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Related to boded: presaged
augur well for
To be a sign of good things to come. An "augur" was an oracle in ancient Rome. This rain does not augur well for our baseball game. Well, that poor performance review does not augur well for a raise.
To remain firm or resolute; to refuse to yield. Our toddler usually bids defiance to any mention of bedtime.
To seem probable or likely. Her grades are good enough that she bids fair to get into that excellent high school.
bode ill for (someone or something)
To seem indicative of a negative outcome. Rainy weather bodes ill for our flight leaving on time. Being late to a job interview bodes ill for you getting hired.
bode well for (someone or something)
To seem indicative of a favorable outcome. This phrase is often used in the negative to suggest the opposite. Sunny weather bodes well for our flight leaving on time. Being late to a job interview does not bode well for you getting hired.
Farlex Dictionary of Idioms. © 2015 Farlex, Inc, all rights reserved.
augur well for someone or something
to indicate or predict good things for someone or something. (Usually in the negative.) This latest economic message does not augur well for the stock market. I am afraid that this poll data does not augur well for the incumbent in the election.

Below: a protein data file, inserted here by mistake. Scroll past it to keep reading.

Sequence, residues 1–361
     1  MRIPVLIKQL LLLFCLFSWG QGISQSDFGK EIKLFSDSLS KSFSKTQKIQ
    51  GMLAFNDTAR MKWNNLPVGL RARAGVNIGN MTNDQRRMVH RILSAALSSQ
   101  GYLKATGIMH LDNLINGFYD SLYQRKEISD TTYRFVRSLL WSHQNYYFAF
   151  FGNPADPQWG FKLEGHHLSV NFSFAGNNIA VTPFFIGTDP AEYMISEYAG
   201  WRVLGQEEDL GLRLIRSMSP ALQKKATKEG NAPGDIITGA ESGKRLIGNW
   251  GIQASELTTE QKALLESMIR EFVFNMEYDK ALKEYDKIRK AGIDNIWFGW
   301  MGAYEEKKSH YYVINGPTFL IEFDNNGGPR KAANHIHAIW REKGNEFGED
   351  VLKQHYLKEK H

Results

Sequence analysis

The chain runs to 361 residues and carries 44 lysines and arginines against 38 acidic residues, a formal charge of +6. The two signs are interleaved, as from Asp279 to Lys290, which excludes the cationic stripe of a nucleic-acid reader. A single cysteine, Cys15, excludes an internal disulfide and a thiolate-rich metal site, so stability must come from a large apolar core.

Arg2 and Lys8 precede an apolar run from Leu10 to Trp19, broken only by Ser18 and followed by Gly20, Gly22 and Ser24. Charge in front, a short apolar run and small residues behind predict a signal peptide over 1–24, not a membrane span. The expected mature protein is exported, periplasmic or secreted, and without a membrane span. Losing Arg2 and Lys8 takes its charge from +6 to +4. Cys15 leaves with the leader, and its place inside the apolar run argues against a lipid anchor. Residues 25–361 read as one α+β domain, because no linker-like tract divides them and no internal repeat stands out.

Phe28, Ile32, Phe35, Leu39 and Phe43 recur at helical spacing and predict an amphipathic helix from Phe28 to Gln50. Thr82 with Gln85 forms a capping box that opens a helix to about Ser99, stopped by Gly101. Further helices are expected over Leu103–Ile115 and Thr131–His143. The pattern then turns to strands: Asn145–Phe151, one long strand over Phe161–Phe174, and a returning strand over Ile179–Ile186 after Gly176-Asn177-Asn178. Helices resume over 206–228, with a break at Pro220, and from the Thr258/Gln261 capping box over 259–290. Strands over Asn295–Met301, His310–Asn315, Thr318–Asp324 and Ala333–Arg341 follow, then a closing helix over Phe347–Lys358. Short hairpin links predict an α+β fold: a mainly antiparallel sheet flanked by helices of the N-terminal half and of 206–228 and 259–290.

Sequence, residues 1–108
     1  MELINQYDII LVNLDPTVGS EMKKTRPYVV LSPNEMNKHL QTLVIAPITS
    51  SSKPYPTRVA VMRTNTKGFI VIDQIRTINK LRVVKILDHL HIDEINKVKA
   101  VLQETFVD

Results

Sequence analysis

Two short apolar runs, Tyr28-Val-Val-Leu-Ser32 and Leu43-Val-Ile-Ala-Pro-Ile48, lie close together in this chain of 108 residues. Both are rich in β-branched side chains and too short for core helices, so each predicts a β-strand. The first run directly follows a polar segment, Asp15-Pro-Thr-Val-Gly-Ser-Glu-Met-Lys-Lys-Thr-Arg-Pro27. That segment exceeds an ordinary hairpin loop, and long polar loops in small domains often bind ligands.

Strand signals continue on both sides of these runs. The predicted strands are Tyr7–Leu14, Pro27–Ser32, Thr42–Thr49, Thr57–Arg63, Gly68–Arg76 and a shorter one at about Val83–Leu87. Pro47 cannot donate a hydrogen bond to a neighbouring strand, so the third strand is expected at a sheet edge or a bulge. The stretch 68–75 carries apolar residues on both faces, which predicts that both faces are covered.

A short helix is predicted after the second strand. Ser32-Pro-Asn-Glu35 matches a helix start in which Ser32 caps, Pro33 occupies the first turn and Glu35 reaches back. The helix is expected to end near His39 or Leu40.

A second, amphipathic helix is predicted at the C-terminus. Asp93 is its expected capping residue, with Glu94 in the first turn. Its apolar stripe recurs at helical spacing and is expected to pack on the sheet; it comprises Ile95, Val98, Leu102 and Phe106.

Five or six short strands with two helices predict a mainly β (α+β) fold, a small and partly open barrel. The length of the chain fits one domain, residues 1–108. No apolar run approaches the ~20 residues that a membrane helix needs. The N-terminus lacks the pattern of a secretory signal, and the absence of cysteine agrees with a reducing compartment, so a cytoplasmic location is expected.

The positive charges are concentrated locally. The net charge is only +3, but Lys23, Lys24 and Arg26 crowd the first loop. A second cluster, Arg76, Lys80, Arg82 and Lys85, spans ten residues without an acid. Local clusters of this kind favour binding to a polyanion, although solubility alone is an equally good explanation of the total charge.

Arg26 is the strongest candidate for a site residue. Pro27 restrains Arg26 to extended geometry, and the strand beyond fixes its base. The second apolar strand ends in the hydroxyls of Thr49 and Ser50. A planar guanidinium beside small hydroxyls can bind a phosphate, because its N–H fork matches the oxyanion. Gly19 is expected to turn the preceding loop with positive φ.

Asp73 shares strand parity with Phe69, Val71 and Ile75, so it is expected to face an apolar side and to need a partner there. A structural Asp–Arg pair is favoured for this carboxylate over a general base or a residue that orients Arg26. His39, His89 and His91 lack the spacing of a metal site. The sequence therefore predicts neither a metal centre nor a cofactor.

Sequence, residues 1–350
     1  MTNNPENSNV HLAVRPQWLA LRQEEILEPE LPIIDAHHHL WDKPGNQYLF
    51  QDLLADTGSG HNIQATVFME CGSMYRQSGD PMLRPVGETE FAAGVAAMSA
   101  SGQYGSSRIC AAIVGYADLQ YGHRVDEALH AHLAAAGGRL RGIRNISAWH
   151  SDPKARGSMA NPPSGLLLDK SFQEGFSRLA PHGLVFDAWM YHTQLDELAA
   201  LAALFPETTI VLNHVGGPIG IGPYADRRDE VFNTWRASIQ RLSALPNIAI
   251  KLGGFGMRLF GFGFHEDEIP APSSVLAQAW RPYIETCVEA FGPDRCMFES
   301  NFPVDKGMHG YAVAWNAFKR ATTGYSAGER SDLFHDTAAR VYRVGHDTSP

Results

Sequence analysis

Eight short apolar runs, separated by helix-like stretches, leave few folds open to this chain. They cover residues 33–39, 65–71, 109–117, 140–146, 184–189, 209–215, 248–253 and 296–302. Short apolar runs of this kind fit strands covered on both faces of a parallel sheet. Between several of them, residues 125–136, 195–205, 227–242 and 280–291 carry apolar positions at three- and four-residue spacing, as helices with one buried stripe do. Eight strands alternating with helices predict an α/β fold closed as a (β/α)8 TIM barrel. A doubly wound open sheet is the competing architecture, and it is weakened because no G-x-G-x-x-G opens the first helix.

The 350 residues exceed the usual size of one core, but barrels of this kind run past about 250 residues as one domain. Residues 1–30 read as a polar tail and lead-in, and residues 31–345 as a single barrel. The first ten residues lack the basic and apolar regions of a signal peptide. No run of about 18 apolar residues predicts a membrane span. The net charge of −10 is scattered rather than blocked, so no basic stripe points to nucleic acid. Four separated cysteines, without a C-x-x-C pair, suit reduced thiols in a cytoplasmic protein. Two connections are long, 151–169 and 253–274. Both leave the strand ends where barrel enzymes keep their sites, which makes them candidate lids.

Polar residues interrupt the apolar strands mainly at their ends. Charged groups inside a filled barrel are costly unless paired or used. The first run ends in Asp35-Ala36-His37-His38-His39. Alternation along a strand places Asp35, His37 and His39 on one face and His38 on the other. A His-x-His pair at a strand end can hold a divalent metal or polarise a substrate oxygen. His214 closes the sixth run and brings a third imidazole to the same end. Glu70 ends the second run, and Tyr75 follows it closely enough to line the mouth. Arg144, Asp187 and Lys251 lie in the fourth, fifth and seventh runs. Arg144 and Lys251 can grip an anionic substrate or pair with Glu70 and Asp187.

bode somehow for someone or something
to foretell or portend fortune or misfortune for someone or something. (Typically with ill or well.) Things do not bode well for the stock market. Things do not bode well for your future at this job.
McGraw-Hill Dictionary of American Idioms and Phrasal Verbs. © 2002 by The McGraw-Hill Companies, Inc.
augur well for
Also, augur ill for; bode well or ill for . Have good (or bad) expectations for someone or something. For example, John's recovery from surgery augurs well for the team and The Republican victory in the Congressional elections bodes ill for affirmative action. The verb augur is derived from the Latin word for "soothsayer" (predictor of the future), a meaning perpetuated in this phrase and so used since the late 1700s. The verb bode comes from the Old English bodian, meaning "to announce or foretell," and is rarely heard today except in this idiom, which dates from about 1700.
The American Heritage® Dictionary of Idioms by Christine Ammer. Copyright © 2003, 1997 by The Christine Ammer 1992 Trust. Published by Houghton Mifflin Harcourt Publishing Company. All rights reserved.
bode ˈwell/ˈill (for somebody/something)(formal) be a good/bad sign for somebody/something: These figures do not bode well for the company’s future.
Farlex Partner Idioms Dictionary © Farlex 2017
To refuse to submit; offer resistance to.
To appear likely.
American Heritage® Dictionary of the English Language, Fifth Edition. Copyright © 2016 by Houghton Mifflin Harcourt Publishing Company. Published by Houghton Mifflin Harcourt Publishing Company. All rights reserved.